Alberta Health Minister Adriana LaGrange (Photo: Alberta Newsroom/Flickr).

For her part, Health Minister Adriana LaGrange was sticking yesterday with Monday’s talking points on opting out of pharmacare and demanding the feds just hand over the money with no strings attached.

“The vast majority of Albertans already have access to drug coverage,” she insisted in a statement published on social media, a verbal shrug about the chambers’ concerns and others like them if ever there was one.

“The province is willing to work and discuss ways that the federal government can invest in Alberta’s pharmacare program to enhance the existing program that is comprehensive and currently available to Albertans,” it concludes. (Emphasis added.)

Alberta’s pharmacare program, as readers of this blog have been busy pointing out in the comments section, is not a pharmacare program, but a confusing hodgepodge of inadequate supports that leaves many ill Albertans with huge medical costs.

UCP moves South Edmonton Hospital from back burner to shelf 

Did the UCP Government just promise to spend $20 million on a plan to create a plan for a new Edmonton children’s hospital that may be built eventually so they could pull the plug on the South Edmonton Hospital announced by the NDP government in May 2017?

A new hospital on a greenfield site like this one – the South Health Campus when it was under construction in 2011 – will cost you well over $1,000,000,000 now (Photo: David J. Climenhaga).

Sure sounds like it. After all, $20 million might make a nice trust fund, but its chump change compared to the cost of a new modern hospital – for example, the first phase of Calgary’s South Health Campus cost $1.3 billion

So, yesterday, Ms. LaGrange held a news conference to announce with great fanfare that that the government will be devoting a piddling $20 million for a pre-plan that might lead up to a plan to build a stand-alone Stollery Children’s Hospital someday in or near Edmonton.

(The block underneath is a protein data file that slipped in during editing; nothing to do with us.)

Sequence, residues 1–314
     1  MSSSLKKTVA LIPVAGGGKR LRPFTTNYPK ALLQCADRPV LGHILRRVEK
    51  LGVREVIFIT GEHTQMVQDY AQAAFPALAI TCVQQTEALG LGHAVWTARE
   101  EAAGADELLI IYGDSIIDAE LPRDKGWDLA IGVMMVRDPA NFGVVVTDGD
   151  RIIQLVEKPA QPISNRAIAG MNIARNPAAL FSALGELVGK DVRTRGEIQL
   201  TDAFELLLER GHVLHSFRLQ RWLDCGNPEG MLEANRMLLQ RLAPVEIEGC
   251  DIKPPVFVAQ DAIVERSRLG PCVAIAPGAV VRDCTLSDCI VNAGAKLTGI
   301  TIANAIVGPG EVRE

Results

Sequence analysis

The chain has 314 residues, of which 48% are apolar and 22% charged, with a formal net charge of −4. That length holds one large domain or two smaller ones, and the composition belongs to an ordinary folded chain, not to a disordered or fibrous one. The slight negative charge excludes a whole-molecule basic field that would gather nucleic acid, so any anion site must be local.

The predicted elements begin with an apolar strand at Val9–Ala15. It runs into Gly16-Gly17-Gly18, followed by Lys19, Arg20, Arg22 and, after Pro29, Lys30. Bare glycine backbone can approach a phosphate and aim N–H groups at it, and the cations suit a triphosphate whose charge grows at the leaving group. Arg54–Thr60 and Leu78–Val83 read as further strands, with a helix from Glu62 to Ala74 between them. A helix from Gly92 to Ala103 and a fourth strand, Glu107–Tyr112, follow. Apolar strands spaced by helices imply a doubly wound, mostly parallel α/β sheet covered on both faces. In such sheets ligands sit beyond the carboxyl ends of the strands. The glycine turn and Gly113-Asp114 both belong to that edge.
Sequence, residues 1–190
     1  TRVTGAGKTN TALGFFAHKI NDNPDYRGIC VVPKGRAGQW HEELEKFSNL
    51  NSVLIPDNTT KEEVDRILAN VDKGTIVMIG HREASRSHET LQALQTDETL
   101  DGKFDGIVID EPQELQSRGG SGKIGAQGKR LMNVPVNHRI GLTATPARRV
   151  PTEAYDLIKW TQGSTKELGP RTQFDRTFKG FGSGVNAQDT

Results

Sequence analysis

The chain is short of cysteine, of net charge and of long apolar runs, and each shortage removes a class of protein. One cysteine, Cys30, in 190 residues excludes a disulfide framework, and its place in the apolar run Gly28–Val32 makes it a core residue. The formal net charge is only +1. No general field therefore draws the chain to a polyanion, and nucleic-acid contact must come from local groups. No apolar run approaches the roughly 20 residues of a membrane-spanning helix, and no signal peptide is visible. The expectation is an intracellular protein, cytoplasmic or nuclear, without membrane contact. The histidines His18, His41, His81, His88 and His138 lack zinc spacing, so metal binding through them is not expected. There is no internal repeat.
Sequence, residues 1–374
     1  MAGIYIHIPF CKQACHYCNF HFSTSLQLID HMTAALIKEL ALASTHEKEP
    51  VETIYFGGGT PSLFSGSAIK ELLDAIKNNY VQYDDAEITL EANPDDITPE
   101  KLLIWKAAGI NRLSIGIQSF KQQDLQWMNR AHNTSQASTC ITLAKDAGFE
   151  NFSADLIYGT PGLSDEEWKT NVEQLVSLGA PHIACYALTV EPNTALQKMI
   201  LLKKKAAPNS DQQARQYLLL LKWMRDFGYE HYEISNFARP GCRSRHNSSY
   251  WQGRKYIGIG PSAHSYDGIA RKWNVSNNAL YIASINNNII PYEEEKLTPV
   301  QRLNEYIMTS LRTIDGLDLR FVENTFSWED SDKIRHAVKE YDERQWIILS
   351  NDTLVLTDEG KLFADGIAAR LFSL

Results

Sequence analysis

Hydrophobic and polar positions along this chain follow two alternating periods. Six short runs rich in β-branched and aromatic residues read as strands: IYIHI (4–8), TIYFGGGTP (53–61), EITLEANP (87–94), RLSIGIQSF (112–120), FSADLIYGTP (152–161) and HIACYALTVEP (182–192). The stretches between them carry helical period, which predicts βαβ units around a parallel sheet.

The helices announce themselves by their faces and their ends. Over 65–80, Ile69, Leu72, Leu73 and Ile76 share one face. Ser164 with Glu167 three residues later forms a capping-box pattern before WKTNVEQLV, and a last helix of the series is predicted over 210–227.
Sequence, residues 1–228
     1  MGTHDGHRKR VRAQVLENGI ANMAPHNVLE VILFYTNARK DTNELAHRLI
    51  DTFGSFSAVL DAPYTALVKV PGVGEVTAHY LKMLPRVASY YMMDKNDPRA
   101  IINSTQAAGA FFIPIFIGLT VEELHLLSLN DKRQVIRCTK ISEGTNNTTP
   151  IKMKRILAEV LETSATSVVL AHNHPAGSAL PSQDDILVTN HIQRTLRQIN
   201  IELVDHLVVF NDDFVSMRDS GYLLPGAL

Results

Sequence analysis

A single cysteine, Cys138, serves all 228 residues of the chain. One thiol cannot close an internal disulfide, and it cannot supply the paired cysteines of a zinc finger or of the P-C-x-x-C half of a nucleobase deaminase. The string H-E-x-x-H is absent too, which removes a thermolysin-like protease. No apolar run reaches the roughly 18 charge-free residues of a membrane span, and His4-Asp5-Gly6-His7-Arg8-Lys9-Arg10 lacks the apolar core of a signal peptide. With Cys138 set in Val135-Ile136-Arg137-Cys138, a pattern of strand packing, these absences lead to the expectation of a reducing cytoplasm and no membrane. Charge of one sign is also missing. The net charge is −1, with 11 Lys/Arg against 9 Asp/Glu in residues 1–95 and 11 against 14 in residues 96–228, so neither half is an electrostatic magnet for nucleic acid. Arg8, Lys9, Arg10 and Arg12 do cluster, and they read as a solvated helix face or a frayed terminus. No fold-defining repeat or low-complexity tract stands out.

A lot of official ink was devoted yesterday to this rather speculative announcement, without contributing many actual facts or timelines. 

Meanwhile, Ms. Lagrange admitted that the badly needed South Edmonton Hospital, on which construction was supposed to start in 2020, will now be moved from the back burner, where former UCP Premier Jason Kenney put it as soon as he was elected in 2019, to the shelf. 

“On the South Edmonton Hospital, we are pausing to have a more comprehensive look at how we can better serve the needs of Edmontonians and all of the north of Alberta that utilizes facilities within Edmonton,” Ms. LaGrange told reporters

Presumably Edmontonians will continue to be punished until their morale improves enough to elect a UCP MLA.

An excellent night to a walk in the snow? 

Today is the 40th anniversary of Pierre Trudeau’s famous walk in the snow. 

The late Pierre Trudeau, prime minister of Canada, dressed for a walk in the snow (Photo: Rod MacIvor, photojournalist, via

It was on the evening of Feb. 28, 1984, that the elder Mr. Trudeau took his possibly metaphorical, possibly literal walk through the blizzardy streets of Ottawa and made his mind up to leave politics permanently – having accomplished a remarkable amount during his 18 years in Parliament. 

The next day, Feb. 29 – 1984 being a leap year just like 2024 – he announced his decision to the world. 

There are many in Canada, and not just opponents of the Liberal Party, who think tonight might be a fine time for Mr. Trudeau’s son, Justin, to take a similar contemplative walk. 

Well, we’ll see, I suppose. It sounds, though, as if the younger Mr. Trudeau may decide instead to try to stick around until Feb. 29, 2028. 

Join the Conversation